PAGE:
Christian Democrat leader seeks to lure Centre voters at Almedalen

Christian Democrat leader Ebba Busch positioned herself of the defender of the middle-class right to "villa, Volvo, vovve" (a house, a Volvo and a dog), in a speech aimed squarely at voters of the Centre Party.

Christian Democrat leader seeks to lure Centre voters at Almedalen
Ebba Busch, leader of the Christian Democrats Party, makes her speech at the Almedalen political festival. Photo: Henrik Montgomery/TT

The Christian Democrats are seeking to lure voters for the Centre Party in the the Swedish countryside and beyond, who are uncomfortable with its move to the left-side of Swedish politics, and its neglect of the rural issues it championed when it was Sweden’s farmer’s party. 

“A vote for the Centre Party is in practical terms a vote for the Green Party,” Busch said in her speech at the Almedalen political festival in Gotland.

“A vote for Annie Lööf is a vote to give Stenevi and Bolund influence over hunting, forestry, wolves, agriculture and the price of fuel. We Christian Democrats want to offer everyone who previously voted for the Centre Party a new home.” 

She said that the Center Party had “swapped tractors for electric scooters”, and become a party of urbanites. 

“If you voted for the Centre Party before, vote this year for the Christian Democrats. We’re the party fighting for your right to live the typical Svensson-life outside the city centre.” 

The Svensson-life was the theme running through the speech, with Busch arguing that it had got harder and harder for ordinary Swedes to provide this basics of a middle class life for themselves, a situation for which she laid the blame squarely on the Social Democrats.  

While Sweden’s Prime Minister Magdalena Andersson described the rising prices of goods as Putinpriser, or “Putin prices”, putting the blame on Russia’s invasion of Ukraine, Busch instead called them Magdapriser, putting the blame on Andersson herself. 

“We’ve ended up with Magda prices for electricity, petrol, food, and now interest rates. It’s estimated that an average two-child family will see their costs rise by 50,000 kronor this year and next year,” she said. 

The solution, she argued, was to vote in Ulf Kristersson, the Moderate Party’s leader, as prime minister. 

“There is an alternative, with Ulf Kristersson as Prime Minister, which is agreed on the solutions on all the difficult questions. That’s why I want to also appeal to those of you who usually vote for the Social Democrats. In this election, lend your vote to the right-wing parties.” 

You can read the speech here in Swedish or in English (Google Translated) here

The Local will as always cover the Swedish election from the point of view of international citizens living in Sweden.

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Swedish PM: Moderate Party’s property tax warnings ‘completely absurd’

Sweden's prime minister, Magdalena Andersson, has yet again denied that her party plans to bring back a property tax, calling the Moderate Party's decision to campaign on the issue 'completely absurd'.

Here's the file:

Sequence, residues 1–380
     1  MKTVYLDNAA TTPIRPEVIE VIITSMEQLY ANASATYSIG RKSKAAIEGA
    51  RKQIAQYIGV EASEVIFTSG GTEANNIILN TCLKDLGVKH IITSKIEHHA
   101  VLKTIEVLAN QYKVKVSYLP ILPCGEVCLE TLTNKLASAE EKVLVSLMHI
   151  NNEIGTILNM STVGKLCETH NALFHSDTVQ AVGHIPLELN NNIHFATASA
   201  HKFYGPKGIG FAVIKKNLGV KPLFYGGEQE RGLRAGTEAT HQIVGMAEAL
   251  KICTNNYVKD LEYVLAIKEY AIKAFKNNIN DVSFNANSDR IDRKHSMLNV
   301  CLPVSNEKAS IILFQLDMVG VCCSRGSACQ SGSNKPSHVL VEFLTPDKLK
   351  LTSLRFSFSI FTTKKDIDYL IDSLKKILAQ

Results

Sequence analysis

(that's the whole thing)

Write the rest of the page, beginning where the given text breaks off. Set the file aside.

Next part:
Swedish PM: Moderate Party's property tax warnings 'completely absurd'

In a long interview broadcast on Swedish state radio broadcaster SR, Andersson stressed that her party had no plans to bring back the property tax abolished by the Moderate-led government back in 2008. 

“We are not going to campaign on the back of a property tax, have no plans to do it, and have shown over the last eight years that we are not doing it,” she said. “It is completely absurd that the Moderates are running their campaign about this for the third or fourth time in a row. They were cranking this out in 2014, 2018 and now in 2022, and we have not brought back the property tax.” 

When pushed by the interviewer, however, Andersson refused to absolutely rule out making any changes to Sweden’s system of property taxation. 

“If I start to draw red lines, I will risk creating an even more locked situation after the election,” she said. “But there’s no question over what I believe. If you don’t want to bring back property tax, you should vote for the Social Democrats.” 

The Swedish Trade Union Confederation LO, is in favour of bringing back the property tax, which it describes as “one of the best taxes”, as is the Left Party.

After the interview, Tobias Billström and Elisabeth Svantesson, the Moderate Party’s group leader and financial spokesperson, said that by refusing to rule out bringing back the tax, Andersson had justified their decision to campaign on the issue. 

“Unequivocal message from Magdalena Andersson today in P1 Morgon,” Billström wrote on Twitter. “If the Left Party wants property tax to be reintroduced, it will happen. There are no red lines from S.” 

“Bringing back property tax is on the negotiating table,” Svantesson wrote. “She has no red lines there. Important — but expensive — message for Swedish households.” 

Andersson did, however, say that the Social Democrats want to raise taxes, saying that the party planned to bring in a new tax to fund building back Sweden’s defence capabilities, a so-called beredskapsskatt, or “preparedness tax”. 

“So that this will not end up taking priority over schools, pensions, healthcare and elderly care, we think that those with the highest incomes should be able to pay just a little bit extra towards this,” she said, although she would not go into detail on how “highest incomes” would be defined. 

“But in the economic situation we are in, it’s not the time to raise taxes for ordinary households,” she said.